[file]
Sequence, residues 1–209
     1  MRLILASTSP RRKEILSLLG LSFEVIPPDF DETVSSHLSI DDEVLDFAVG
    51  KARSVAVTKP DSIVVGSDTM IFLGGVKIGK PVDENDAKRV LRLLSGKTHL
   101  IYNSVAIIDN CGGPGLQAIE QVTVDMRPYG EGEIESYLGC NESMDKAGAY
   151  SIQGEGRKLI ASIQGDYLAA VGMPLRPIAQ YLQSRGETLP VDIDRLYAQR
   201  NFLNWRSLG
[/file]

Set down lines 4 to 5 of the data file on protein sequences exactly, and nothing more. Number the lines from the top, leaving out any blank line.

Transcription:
   101  IYNSVAIIDN CGGPGLQAIE QVTVDMRPYG EGEIESYLGC NESMDKAGAY
   151  SIQGEGRKLI ASIQGDYLAA VGMPLRPIAQ YLQSRGETLP VDIDRLYAQR